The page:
STEP 1: ROUGH DRAFT
If you’d like to produce an audio essay, the first step is to write a rough draft the same way you would for any other kind of essay project. You might find it useful to start with an outline or cluster map that helps you identify key moments in the story, or you might simply start drafting and see where the writing takes you, keeping in mind that what you’re working on is a rough draft that may need substantial revision.
Once you have a draft you can share with classmates, you’ll do so in a word processing document rather than in storyboard format, which is what your classmates will use for audiovisual or visual projects.
Here are a few writing tips:
Write in a conversational style.
You might find it helpful to imagine that you’re writing your story to a friend by email, so that you can break free from the typical academic essay style you may be accustomed to with other college papers.
Use vivid details that paint a movie in the listeners’ mind.
Listeners are far more likely to pay attention to your essay if it’s grounded in vivid, concrete details that enable them to imagine what you’re talking about, almost as though they can see it as a mental movie. Keep abstract observations to a minimum as these are harder for listeners to pay attention to. Concrete details might include descriptions of appearance, sound, smell, taste, or touch, as well as dialogue and observations about people’s behavior and personalities.
Use a simple and very clear method of organizing your essay.
Listeners can’t follow a complex organizational structure as easily as readers can, so keep your structure simple and easy to follow, and make generous use of topic sentences, transitions, foreshadowing, recaps, and other “sign posts” for your listeners.
STEP 2: TRIAL RECORDING
After you make further revisions to the transcript, it’s time to make a trial recording. When you listen to words conveyed as audio, you’ll gain insight into how to revise the transcript and also how to improve your delivery.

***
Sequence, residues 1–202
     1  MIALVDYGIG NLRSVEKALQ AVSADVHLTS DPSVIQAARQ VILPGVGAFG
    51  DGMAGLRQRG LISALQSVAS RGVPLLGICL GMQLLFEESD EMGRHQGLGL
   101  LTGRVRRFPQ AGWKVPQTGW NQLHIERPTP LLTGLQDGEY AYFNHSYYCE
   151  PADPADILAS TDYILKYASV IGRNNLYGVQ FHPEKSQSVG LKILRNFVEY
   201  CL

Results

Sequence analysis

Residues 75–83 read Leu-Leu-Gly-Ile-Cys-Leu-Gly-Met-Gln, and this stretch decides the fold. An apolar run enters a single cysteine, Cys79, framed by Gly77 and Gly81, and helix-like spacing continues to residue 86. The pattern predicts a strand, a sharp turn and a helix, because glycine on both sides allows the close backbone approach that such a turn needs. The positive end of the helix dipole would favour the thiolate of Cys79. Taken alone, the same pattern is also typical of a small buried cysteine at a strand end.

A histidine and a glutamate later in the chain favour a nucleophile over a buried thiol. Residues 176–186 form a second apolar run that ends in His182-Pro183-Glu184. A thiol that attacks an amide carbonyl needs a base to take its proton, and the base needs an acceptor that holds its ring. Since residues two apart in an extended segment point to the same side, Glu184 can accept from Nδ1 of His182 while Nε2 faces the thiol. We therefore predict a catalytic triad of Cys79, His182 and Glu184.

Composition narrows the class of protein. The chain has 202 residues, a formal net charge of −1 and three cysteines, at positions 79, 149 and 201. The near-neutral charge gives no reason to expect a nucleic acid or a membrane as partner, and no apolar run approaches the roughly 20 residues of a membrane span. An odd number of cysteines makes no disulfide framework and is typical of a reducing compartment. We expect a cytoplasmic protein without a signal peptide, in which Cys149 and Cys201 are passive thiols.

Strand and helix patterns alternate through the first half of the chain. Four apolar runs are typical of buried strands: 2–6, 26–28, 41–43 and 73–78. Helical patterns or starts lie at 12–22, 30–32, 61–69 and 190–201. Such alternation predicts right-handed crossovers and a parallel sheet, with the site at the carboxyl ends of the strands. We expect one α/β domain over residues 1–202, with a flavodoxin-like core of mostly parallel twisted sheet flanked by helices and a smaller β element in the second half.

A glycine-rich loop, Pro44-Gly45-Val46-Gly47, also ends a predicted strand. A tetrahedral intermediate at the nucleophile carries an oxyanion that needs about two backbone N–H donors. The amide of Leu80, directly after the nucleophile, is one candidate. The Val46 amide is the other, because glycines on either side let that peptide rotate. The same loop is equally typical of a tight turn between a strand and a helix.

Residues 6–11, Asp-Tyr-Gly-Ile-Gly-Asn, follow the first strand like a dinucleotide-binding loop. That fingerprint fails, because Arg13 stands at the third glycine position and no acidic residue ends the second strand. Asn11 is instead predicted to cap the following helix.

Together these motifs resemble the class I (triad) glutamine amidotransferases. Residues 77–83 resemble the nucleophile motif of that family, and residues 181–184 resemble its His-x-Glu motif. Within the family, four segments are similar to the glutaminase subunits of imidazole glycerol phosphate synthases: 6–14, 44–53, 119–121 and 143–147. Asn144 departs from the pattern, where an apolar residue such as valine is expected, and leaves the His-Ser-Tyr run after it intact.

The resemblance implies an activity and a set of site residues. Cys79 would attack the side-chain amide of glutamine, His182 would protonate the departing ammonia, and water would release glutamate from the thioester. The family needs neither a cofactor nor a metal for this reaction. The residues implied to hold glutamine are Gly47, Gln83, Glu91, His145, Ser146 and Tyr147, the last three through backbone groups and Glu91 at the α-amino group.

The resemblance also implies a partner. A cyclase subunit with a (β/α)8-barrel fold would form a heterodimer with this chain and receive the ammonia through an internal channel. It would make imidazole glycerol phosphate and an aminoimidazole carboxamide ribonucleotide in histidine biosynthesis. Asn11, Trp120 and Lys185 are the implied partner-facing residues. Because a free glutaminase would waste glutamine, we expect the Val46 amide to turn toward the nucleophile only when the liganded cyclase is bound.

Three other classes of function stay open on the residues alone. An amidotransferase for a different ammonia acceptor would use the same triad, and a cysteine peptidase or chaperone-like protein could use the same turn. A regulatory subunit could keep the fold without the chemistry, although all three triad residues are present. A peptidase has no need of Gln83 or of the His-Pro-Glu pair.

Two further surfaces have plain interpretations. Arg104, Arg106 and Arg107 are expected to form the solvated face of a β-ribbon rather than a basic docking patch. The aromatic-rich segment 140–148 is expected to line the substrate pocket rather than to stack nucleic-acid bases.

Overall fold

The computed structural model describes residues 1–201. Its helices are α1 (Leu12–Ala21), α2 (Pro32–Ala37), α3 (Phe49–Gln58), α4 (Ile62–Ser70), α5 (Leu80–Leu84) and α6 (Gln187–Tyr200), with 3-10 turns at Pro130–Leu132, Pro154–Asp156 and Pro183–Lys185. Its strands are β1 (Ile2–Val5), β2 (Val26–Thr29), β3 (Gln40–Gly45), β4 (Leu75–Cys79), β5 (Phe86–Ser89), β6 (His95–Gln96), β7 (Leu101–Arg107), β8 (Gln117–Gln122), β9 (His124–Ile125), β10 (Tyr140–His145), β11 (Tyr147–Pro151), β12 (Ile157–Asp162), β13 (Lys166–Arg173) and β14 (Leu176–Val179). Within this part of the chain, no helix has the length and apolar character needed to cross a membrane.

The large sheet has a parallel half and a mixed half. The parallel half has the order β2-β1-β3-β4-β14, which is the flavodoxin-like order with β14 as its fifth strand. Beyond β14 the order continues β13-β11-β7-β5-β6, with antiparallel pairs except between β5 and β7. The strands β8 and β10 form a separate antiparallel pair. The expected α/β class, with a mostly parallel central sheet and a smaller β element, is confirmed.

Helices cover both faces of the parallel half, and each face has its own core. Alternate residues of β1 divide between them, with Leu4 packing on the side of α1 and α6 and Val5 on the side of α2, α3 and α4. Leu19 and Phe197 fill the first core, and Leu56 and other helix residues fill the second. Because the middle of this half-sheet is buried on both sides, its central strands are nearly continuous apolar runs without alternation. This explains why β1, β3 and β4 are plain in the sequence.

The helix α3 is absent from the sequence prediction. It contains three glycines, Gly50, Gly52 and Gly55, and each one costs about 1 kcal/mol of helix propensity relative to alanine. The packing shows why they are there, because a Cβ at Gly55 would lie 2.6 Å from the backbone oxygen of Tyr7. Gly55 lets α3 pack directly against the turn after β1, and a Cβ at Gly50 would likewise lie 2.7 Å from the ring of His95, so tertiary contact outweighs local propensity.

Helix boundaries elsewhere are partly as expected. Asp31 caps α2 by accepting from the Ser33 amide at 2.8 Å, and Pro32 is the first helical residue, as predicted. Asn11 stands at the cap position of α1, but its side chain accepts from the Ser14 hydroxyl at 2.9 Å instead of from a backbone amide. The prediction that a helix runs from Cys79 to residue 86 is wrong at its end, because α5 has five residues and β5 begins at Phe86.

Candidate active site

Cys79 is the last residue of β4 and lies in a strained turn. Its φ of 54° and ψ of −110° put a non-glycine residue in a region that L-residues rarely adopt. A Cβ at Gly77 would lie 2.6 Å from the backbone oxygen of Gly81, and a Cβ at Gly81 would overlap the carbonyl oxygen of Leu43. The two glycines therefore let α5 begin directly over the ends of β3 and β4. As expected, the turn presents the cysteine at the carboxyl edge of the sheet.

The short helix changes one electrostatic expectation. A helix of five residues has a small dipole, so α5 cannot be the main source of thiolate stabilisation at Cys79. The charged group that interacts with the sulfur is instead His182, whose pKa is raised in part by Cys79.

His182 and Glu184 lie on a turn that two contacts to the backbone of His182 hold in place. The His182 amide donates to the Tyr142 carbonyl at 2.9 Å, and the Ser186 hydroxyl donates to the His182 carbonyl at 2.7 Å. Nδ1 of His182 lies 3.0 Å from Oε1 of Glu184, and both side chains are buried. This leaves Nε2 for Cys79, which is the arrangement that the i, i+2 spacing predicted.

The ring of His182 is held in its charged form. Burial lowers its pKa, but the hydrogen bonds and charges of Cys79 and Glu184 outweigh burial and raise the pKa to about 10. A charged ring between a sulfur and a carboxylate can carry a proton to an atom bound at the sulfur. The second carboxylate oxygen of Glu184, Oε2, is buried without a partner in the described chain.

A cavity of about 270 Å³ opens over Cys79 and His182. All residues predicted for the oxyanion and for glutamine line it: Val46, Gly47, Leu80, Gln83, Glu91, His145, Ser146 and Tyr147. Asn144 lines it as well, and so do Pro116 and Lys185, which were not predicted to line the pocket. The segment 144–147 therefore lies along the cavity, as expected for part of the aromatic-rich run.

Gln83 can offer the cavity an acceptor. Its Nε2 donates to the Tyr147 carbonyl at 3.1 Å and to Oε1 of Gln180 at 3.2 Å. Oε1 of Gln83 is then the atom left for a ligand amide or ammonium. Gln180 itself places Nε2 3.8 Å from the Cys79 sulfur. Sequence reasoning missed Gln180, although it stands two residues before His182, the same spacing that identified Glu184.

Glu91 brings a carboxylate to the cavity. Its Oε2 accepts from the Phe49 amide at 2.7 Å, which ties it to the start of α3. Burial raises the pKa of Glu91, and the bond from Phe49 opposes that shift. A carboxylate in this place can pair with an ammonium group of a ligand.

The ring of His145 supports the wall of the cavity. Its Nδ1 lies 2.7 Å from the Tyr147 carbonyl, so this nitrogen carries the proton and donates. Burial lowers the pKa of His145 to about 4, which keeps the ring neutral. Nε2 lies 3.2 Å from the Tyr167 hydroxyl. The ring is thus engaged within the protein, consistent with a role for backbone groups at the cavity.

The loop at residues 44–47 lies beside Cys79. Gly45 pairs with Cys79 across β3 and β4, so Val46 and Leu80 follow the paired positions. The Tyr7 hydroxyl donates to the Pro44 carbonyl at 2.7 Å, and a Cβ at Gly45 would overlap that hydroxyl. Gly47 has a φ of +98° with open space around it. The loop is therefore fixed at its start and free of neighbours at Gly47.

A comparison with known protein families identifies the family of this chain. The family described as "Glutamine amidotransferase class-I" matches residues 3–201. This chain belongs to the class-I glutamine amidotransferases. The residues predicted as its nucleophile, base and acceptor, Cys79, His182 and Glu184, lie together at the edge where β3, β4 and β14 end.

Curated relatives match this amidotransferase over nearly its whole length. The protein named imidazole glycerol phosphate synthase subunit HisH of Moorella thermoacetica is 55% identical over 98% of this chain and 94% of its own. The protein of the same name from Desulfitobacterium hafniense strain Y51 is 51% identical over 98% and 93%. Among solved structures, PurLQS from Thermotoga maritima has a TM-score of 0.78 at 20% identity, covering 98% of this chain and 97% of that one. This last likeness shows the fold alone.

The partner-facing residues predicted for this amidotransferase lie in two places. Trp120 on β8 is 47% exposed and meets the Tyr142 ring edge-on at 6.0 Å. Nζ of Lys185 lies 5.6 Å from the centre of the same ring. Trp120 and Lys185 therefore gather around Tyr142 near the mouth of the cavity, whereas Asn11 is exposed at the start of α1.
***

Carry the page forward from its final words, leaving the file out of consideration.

You’ll also gain experience with using the audio tools you’ll continue to use throughout the process.
For help making a trial recording, see the handout under the Composing with Audio category.
STEP 3: FULL DRAFT
After you receive feedback on your trial recording, the next step is to further revise the transcript to improve structure, writing style, and use of details to make the essay or story more appealing to those who will listen to it rather than read it.
You’ll also want to work on your delivery, so that the audio recording sounds natural and conversational rather than like someone reading a paper out loud. To hear what effective audio delivery sounds like, go to Audible.com and search for a fiction audiobook that gets high ratings for performance. Listen to the free sample and take note of what makes the delivery appealing.
At this stage you might also want to consider whether you’d like to incorporate some sound effects, like short segments of music in the opening, between major sections, and at the end. Music can help establish a mood or tone or signal a transition. It also gives listeners a brief moment to pause and reflect on what they’ve just heard.
For examples of how music and sound effects can enhance audio, try listening to a few stories from This American Life, which airs regularly on public radio.
For help making a full draft, see the handout under the Composing with Audio category.
STEP 4: FINAL VERSION
After you receive feedback on the full draft, you’ll take time to revise your transcript before you prepare a final recording, which should demonstrate proficiency with the technicalities of recording an essay or story for audio delivery. For example, your voice should be clear and easy to hear, and the recording should be free of any background noises or other distractions.
You’ll export the final version in mp3 format and upload it to the class blog, along with any additional materials described on the relevant assignment or calendar entry for your class.